Christ-Like Minimalism

Christ-like Minimalism: The Beauty of Hooks

Many of you know that I’ve got a large family – 7 children – which requires living minimally with a great amount of organization.  So for the most part, I like the rule, “You Get One” or “The Rule of One.”

For example, in the wintertime, each child gets one pair of boots and one pair of tennis shoes.  They also get one pair of snow pants and one winter coat.  (The three older girls do have a nicer Mass coat…it’s the exception to our Rule of One.)  In the summer, they get one pair of rain boots, one pair of flip-flops, and one sweatshirt.  They also get one swimsuit and one beach towel.

But the question is, how in the world do I keep track of all that stuff – 7 pairs of boots, tennis shoes, coats, sweatshirts, beach towels…  Just where does all that stuff go?

My solution is hooks.

Thankfully hooks are possible in our new house, as there’s room on the garage walls.  And since it’s summer, the children keep their life jacket, beach towel, and swim suit on their appropriate hook out there.  This way they always know where to find their things, and these things stay off the floor and out of the house.  (Mostly!)

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Everyone has their name on their beach towels too.  That way there can be no doubt about ownership.  If Johnny decided to leave his beach towel out in the yard to get muddy, then that’s his fault.

This is my first year of not allowing beach towels in the house, and it’s been lovely.  There are no more wet children tramping through the house to find a towel only to use it once and throw it on the floor.  Done with that.

We also have hooks on the other garage wall for their sweatshirts.

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Obviously the hooks lower down on the wall are for the younger children, who cannot reach very high yet.

Of course during the 9 months of Never-Ending Winter, their winter coats hang in those places.  But for now, it’s sweatshirts.  You’ll notice that the winter hats and gloves are in the basket sitting on the top shelf.  The boys also keep their Mass shoes up there too.  The gray bin on the floor is for their one baseball hat.  My husband’s winter gear, however, does stay on those hooks off to the right all year round.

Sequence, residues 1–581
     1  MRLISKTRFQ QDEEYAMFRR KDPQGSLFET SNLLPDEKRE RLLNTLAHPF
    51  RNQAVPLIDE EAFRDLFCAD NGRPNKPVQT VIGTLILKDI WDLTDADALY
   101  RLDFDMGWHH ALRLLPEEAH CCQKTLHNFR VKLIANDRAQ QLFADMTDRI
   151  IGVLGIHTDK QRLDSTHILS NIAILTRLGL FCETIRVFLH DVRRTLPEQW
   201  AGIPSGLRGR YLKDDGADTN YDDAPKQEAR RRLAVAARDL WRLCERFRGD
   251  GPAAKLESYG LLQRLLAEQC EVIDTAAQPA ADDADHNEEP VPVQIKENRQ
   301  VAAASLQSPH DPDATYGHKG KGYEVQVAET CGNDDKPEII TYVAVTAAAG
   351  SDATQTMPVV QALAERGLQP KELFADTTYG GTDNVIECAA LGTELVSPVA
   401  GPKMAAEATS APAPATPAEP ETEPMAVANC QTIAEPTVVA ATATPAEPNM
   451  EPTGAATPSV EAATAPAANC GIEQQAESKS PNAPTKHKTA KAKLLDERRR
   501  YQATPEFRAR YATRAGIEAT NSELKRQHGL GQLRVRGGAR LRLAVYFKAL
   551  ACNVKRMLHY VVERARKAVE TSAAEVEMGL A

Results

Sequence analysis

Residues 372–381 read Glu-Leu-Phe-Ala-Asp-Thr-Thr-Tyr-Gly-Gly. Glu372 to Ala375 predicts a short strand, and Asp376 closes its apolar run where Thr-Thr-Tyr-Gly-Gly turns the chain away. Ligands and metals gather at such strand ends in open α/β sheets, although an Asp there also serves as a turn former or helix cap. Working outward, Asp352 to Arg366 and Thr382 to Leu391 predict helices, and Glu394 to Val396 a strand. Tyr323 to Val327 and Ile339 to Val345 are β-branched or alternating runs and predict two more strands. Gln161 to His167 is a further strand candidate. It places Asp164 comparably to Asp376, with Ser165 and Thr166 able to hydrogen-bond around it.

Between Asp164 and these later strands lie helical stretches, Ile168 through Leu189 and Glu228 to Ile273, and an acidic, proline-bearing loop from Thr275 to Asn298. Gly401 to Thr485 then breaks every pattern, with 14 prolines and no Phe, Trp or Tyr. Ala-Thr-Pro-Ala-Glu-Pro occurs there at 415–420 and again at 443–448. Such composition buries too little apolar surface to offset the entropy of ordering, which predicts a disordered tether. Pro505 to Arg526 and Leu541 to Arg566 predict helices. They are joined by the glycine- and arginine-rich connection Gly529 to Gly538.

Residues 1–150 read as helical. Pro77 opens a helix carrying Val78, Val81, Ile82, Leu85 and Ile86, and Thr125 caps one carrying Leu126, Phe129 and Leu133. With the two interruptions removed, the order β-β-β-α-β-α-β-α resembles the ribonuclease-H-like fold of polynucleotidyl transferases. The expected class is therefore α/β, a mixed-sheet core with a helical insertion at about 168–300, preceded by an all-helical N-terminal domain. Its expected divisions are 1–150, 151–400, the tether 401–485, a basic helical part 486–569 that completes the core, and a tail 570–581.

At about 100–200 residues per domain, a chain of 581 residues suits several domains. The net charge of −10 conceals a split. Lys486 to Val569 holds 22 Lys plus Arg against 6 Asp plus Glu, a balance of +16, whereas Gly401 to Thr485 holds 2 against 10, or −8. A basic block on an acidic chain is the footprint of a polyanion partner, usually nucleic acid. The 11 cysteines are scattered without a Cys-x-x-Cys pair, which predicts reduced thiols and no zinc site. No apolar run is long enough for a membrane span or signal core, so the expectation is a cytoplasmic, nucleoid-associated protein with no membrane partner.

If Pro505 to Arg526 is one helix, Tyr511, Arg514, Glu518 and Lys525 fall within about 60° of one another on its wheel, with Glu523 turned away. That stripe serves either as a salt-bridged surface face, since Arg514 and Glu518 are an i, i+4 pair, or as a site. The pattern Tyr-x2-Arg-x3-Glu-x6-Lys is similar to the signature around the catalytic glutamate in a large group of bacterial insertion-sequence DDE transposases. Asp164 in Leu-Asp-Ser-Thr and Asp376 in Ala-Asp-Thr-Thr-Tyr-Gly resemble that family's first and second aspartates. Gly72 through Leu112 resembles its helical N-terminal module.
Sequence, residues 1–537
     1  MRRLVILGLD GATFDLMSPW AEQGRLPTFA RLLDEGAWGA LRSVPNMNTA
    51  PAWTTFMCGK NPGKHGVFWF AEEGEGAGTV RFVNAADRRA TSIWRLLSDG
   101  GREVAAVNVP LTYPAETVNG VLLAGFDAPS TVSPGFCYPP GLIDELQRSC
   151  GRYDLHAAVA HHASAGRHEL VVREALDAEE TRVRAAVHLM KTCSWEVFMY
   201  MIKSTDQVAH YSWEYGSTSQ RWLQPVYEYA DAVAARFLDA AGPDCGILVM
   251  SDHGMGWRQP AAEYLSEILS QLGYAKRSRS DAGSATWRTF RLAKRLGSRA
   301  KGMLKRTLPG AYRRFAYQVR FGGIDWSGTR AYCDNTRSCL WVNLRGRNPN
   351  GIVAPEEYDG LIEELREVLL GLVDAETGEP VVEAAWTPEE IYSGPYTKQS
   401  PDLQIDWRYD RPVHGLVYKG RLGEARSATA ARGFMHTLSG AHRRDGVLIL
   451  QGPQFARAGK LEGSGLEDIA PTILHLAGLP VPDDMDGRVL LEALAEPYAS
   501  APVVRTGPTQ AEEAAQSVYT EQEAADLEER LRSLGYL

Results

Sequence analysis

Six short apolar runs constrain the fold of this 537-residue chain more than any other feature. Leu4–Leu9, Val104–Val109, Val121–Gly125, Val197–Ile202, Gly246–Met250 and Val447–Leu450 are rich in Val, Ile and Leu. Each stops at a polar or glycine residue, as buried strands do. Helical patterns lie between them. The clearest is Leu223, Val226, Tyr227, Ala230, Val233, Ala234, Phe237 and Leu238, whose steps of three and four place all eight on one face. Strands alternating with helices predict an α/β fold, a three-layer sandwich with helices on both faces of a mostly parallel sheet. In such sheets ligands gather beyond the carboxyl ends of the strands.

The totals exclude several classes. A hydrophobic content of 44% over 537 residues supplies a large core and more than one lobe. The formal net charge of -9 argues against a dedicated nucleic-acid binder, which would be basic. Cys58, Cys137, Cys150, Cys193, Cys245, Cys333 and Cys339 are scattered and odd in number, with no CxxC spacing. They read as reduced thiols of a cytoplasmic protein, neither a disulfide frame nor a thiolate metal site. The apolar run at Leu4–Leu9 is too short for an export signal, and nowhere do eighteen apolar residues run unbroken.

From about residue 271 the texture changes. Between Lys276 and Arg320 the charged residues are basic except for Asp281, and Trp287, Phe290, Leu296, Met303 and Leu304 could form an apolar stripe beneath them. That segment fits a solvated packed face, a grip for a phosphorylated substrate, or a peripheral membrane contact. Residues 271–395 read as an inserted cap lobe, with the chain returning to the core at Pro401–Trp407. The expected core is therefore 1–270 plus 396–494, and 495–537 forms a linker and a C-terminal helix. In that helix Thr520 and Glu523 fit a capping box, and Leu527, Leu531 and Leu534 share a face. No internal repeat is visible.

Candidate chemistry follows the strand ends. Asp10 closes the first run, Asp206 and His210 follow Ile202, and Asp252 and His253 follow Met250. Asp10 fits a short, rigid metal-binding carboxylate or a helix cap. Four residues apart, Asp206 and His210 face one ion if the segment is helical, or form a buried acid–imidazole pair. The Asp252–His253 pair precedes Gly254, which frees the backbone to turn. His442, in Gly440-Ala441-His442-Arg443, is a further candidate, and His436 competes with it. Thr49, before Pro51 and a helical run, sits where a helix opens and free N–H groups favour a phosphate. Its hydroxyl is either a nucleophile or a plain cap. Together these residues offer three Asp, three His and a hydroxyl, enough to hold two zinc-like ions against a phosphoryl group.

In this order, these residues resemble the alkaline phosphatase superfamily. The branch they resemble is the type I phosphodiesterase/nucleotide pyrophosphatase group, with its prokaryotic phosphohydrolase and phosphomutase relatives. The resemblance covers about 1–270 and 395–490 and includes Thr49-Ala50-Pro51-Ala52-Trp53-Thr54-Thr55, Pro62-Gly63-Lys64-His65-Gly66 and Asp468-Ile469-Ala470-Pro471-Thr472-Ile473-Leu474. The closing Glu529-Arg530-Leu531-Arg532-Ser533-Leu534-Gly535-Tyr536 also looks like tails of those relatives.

Here’s a shot of both walls.

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There are two things that make this possible for us:

  1. We have the extra space in the garage
  2. We put cheap carpet down, so that the children do not have to stand on cold concrete to put shoes and things on.

As an aside, do you see the pencil sharpener above the white garbage can?  This was a genius move too.  No more are the children allowed to sharpen their pencils in the house.  Inevitably the little ones dump that container of pencil shavings all over the place.  Now, they can sharpen away, and spill it, and I don’t care.

Lastly, where do I put their winter gear?  Well, I don’t have a storage “room,” but I do have a little space under the basement staircase where we put more hooks.  (And dressers.)

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Here they are, waiting for the return of colder seasons.  Their snow pants are hanging underneath their coats.

In the background you might notice a few dressers?  I’ve got 5 of them hiding back there, which is were I keep the children’s clothing that is currently not in use.  Each drawer is labeled as either “Girl” or “Boy” and is also marked with a particular size.  This makes it very easy to find whatever clothing I might need.  It’s a lot easier to pull out a labeled drawer than to dig through a large tub.  In fact, I’m constantly in and out of these drawers every single season, and it’s lovely to be able to get in there so easily.